If you’d told sixteen-year-old me that future me would become a pharmacist, working at a community pharmacy, I would have been delighted.
A respectable, high paying (at the time) job, helping others and keeping in touch with the latest scientific developments was everything I was aiming for.
If you’d then told me I would graduate from pharmacy school only at 31 years old – after another degree plus ten years as a pharmacy technician, and that I would have a newborn in my arms – I would start to question your sanity.
If you’d ended the story by telling me that I wouldn’t want to work as a respectable pharmacist in a safe job and would have instead chosen to start a career in a semi-obscure field, working as a freelance medical writer – well, I would smile politely and walk away from you. Slowly.
The wondering pharmacist
I entered my pharmaceutical sciences course knowing I would like to have more options than to work behind a pharmacy counter.
While I liked to bridge the gap between scientific knowledge and information that patients understand, there were many things that started to grate my nerves.
Those things were not related to communication or the human connection with other people, but with management issues, so I started looking for careers in the pharmaceutical industry.
I’d always liked the drug development process, and some of my colleagues had found roles as clinical research associates (CRAs), working in clinical trials. They’d said it was a fast-paced industry, with potential of career development, so I decided to do the same.
I applied for a few roles and enrolled in a CRA course aimed at medical and scientific professionals that wanted to increase their chances of getting hired. In the lecture about clinical trial protocols, the instructor had a job title I’d never heard about: medical writer. Hmm.
When I finished the CRA course, I faced a challenge that many people have when they try to enter the market.
It’s hard to get a job when you have no experience.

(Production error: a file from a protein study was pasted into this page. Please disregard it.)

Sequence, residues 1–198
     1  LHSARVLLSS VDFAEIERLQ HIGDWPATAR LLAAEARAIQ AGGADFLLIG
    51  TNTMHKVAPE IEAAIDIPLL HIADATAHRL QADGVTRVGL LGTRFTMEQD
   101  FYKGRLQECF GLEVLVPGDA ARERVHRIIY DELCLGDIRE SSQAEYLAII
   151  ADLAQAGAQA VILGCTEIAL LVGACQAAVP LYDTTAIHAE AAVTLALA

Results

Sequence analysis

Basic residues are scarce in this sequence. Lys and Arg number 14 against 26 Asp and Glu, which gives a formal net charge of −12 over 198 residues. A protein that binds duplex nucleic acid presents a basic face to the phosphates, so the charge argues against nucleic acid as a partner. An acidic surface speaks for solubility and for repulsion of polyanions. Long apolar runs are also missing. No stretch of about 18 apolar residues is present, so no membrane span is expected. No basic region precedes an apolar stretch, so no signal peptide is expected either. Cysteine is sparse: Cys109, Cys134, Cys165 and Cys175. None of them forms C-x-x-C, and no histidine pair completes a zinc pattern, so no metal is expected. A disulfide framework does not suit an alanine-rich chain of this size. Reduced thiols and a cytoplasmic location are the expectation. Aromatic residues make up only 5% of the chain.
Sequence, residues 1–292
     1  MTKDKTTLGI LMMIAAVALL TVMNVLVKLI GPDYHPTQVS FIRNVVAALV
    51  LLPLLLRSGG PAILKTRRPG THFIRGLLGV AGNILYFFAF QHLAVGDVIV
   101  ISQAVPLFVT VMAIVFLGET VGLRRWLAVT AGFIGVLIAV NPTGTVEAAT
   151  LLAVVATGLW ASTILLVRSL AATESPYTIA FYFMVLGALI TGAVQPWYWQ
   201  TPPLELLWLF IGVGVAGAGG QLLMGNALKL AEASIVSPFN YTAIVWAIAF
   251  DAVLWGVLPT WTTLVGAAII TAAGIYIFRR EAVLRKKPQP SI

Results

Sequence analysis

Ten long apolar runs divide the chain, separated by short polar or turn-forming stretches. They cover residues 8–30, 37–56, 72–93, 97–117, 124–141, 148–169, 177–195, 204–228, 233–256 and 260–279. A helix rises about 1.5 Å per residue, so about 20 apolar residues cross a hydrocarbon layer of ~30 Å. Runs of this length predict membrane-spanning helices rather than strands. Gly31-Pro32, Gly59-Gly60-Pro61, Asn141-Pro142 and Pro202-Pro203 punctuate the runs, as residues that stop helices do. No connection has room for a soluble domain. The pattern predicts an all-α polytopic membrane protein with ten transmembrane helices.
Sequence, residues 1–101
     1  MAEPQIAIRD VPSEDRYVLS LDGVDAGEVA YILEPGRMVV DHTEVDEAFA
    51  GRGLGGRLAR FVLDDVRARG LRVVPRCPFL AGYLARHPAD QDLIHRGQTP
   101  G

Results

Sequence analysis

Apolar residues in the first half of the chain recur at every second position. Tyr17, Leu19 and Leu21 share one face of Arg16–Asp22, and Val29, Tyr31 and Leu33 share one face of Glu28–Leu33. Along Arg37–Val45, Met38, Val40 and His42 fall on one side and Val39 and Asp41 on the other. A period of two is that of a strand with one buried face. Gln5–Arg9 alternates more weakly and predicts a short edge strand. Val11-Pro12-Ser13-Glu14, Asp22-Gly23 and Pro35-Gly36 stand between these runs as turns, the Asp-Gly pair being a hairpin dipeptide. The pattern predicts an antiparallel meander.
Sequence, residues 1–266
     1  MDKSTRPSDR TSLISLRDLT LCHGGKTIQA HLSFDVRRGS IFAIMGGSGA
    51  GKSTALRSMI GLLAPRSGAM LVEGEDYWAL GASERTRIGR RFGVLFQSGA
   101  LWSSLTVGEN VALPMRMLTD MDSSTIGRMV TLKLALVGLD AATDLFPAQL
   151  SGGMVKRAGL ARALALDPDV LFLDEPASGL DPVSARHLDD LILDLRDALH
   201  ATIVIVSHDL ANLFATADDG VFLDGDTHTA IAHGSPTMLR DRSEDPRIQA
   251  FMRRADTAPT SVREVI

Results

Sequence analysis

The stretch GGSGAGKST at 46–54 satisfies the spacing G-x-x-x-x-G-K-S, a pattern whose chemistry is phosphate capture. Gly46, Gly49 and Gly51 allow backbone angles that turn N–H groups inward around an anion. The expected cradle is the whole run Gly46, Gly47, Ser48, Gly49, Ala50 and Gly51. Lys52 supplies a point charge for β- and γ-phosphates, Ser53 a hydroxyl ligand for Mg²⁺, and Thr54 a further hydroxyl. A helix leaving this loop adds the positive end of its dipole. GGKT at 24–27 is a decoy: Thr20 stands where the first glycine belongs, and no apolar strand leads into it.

It’s hard to get experience if you don’t have a job.
Internships are one way to get experience, but they’re not easy to get into when you’re over 30 years old.
An unpaid internship would also mean I’d have to leave my paid job. Not ideal.
I was also finding out that some roles, like CRA or medical science liaison (MSL), require frequent travel.
At that point in my life, having small children, I knew I would prefer to stay close to home.
I decided to learn more about that mysterious role I’d heard about in the CRA course, connected with some medical writers through LinkedIn, and asked them some questions:
- How did they become a medical writer?
- Did they like being a medical writer?
- What advice would they give someone trying to get into medical writing?
All the medical writers in my network were extremely helpful, giving me resources to explore and a word of encouragement.
To continue this tradition, I make a point of replying to every message aspiring medical writers send me.
Slowly, I started to think that it was possible to combine working at home as a medical writer and having enough flexibility to spend more time with my family. I knew this would require a plan, hard work and some helpful resources.
Learning how to write
My time in university taught me how to read scientific papers and understand medical jargon.
Through my pharmacy work, I learned how to communicate complex science in simpler terms.